Aboriginal Australians believe that they have animal, plant, and human ancestors who created the world and everything in it. This process of creation is called Dreamtime. There are many songs and stories about Dreamtime, which generations of aboriginal people have passed down to their children.
Aboriginal art is mostly about dreamtime and is made as part of the ceremonies celebrating Dreamtime. Paintings of the people, spirits, and animals of Dreamtime cover sacred cliffs and rocks in tribal territories. Some of the pictures are made in red and yellow ochre and white clay, others have been carved into the rocks. Many are thousands of years old.
Most aboriginal Australian live in cities and towns. Some have benefitted from government education and aid programmes and have careers as teachers, doctors and lawyers. Many, though, are poor and isolated from white society. They have lost touch with traditional aboriginal tribal ways, and because they do not fit neatly into white Australian society, they cannot share its benefits. However, they revive interest in the tribal cultural of their ancestors.
As well as the curved returning boomerang, aboriginal Australians use a straight, non-returning boomerang as a weapon for fighting and for hunting animals such as kangaroos.
When British people came to live in Australia, they decided that the land was empty, that there were no people living there. This was called "Terra nullius", Latin words for "empty land". Under British law, all land belongs to the king, who is then able to sell it to other people. The sacred sites and other land which had belonged to aboriginal people for thousands of years were simply taken from them. If they did not leave peacefully then the new settlers used force to get them to leave. Many aboriginal people were killed during the settlement of Australia. The aborigines that were left were made to live on in special areas, reservations, that the government set aside for them. One of these was at Lake Tyers, Victoria. Many church groups set up missions, to both look after the aborigines, and to convert them to Christianity. One of the church missions was set up by Moravian missionaries from Germany, at Ebenezer, Victoria.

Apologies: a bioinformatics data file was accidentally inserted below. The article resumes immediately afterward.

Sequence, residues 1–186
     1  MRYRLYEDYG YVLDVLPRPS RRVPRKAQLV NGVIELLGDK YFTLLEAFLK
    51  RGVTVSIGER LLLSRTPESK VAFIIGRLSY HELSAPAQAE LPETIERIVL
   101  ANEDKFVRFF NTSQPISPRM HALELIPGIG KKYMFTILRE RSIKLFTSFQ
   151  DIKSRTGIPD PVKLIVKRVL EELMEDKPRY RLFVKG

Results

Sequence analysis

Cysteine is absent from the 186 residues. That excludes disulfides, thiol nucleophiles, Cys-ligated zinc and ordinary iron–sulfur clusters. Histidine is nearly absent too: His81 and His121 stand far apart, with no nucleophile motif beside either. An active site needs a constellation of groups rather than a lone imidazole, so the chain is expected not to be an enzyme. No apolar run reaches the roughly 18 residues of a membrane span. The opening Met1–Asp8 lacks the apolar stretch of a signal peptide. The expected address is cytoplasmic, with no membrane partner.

With the help of aboriginal lawyers, aboriginal Australians have battled to get some of their land back. In 1976, the Australian government agreed that aboriginal people have rights to their tribal territories, and some land was given back. On 3 June, 1992, the High Court of Australia said that the idea of "Terra nullius" was wrong, and the government brought in new laws, to set up Native Title. If aborigines can prove they have always used particular land, it has not been sold, or changed by government acts, then the land could be claimed as aboriginal land.